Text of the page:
By Ana Davila
Democracy is a wonderful thing when it successfully places the power to elect government officials in the hands of the majority. But what happens when the majority is tired of corruption and profoundly disappointed with the political class? When many Latin American countries are faced with this choice, celebrities are chosen to govern; case in point, Guatemala.
In a series of unprecedented events, the people of Guatemala led an inspiring campaign of social protest that forced Otto Perez Molina to resign from the presidency and face trial for diverse charges of corruption and illicit associations. However, the political battle in Guatemala is far from being over, and the next big question to ask is: Who will run the country now?
The first round of elections in Guatemala were held on Sept. 6 with a historic turnout of 70.38 percent, but no winner. The leading candidate, Jimmy Morales, took 24 percent of the vote and appeared most likely to become the next president of Guatemala. Morales’ emblema has been the fact that he is a civilian, not a politician.
In fact, Morales is more than a regular man, he is a popular television comedian with barely two years of political experience. Instead of being ashamed of his almost nonexistent political trajectory, Morales has managed to play this card well. Under the slogan “neither corrupt, nor a thief,” Morales sells his political inexperience as a valuable asset and people are buying it.
However, Morales is hardly the first popular icon to run for office in the region. In the last years, Latin America has seen a rise in celebrities who have found success in politics. Species of popular entertainers from comedians like Morales, or soap opera stars, soccer players, and even professional clowns run the show of politics in diverse countries in the region.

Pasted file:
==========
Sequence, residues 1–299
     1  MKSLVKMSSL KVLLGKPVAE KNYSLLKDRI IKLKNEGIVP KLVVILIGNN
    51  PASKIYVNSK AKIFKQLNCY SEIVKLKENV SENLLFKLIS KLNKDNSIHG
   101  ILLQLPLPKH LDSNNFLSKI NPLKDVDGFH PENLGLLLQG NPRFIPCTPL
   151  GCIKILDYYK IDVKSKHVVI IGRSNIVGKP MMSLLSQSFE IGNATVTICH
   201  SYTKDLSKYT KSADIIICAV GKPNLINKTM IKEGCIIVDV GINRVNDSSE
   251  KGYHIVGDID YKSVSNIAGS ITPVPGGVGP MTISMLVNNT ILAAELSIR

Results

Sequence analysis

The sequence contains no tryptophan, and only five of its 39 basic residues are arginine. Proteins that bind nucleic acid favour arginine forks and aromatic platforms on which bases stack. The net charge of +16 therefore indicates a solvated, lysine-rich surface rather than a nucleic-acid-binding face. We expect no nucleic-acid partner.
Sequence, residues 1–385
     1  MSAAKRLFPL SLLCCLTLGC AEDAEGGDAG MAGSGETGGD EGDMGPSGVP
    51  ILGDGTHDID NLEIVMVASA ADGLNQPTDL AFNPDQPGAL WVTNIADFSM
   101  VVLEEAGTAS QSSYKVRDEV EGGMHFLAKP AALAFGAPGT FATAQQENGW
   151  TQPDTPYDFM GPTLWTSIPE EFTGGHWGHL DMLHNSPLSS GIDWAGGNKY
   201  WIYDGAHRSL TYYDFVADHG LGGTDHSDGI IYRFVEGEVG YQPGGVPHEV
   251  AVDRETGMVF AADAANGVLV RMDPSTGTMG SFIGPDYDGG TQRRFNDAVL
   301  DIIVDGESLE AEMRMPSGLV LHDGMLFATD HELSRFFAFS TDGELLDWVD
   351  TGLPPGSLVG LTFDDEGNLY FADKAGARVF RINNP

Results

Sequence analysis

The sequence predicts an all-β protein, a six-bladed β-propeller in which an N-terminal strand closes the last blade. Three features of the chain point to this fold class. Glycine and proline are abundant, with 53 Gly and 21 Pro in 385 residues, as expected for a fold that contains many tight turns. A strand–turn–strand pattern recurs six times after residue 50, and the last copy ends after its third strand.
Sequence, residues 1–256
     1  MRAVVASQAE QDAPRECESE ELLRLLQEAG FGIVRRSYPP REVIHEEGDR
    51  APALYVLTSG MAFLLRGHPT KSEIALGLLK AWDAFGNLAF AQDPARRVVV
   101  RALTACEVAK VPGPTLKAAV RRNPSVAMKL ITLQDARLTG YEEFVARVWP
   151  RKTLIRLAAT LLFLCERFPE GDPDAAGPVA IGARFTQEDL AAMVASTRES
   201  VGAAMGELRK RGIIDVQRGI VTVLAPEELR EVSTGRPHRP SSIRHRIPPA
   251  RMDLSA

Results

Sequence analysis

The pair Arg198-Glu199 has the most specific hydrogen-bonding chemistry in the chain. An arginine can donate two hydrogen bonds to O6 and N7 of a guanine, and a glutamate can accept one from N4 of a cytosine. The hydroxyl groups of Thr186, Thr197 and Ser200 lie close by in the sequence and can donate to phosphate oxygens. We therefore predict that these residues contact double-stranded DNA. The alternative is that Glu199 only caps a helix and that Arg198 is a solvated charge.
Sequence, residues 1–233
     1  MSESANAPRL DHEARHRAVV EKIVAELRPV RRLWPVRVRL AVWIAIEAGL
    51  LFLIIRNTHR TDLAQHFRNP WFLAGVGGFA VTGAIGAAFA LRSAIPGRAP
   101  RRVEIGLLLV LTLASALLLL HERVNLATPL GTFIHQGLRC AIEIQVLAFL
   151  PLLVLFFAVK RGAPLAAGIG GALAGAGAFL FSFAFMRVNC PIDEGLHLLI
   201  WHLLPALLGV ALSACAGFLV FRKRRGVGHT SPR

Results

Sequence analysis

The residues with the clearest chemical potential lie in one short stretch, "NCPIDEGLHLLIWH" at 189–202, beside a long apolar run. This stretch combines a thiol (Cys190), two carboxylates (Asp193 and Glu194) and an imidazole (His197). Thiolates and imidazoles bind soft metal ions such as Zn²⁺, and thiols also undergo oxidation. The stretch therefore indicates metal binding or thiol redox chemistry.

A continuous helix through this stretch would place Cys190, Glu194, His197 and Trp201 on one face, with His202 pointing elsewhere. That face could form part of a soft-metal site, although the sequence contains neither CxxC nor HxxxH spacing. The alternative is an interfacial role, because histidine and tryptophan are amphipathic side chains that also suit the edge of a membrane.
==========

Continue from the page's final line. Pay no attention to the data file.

In Mexico, the 2015 intermediate elections became the debut stage of an unmatched number of celebrities. The famous football player Cuauhtemoc Blanco is currently serving as mayor of Cuernavaca, while Carmen Salinas, a renowned actress and cabaret producer, is now the country’s most controversial legislator. Meanwhile farther South, Brazilian football player Romario de Souza is now a Brazilian congressman, and his peer Hugo de Leon ran for vice president in 2009. To the North in Colombia, several former beauty queens such as Martha Liliana Ruiz and Vanessa Mendoza now hold seats in the Columbian congress, and in Argentina, models, comedians, and even a famous chef competed in the last elections.
At first glance, Jimmy Morales appears to be just another celebrity seeking a post in office by capitalizing on his nationwide fan club. However, according to Hugo Novales and Juan Pablo Pira, researchers at ASIES, an influential think tank in Guatemala, Morales’ case goes beyond the trend of the farandulización, or “showbiz-ization,” of Latin American politics. The revolution taking place in Guatemala and the atypical political developments since April have allowed this candidate to become the ultimate anti-politics icon, as Novales explains. Unlike the cases of Mexico, Ecuador, and Colombia, television has played a secondary role in Guatemalan process, while social media and an increasingly informed and engaged youth are taking the lead in revolutionizing democracy.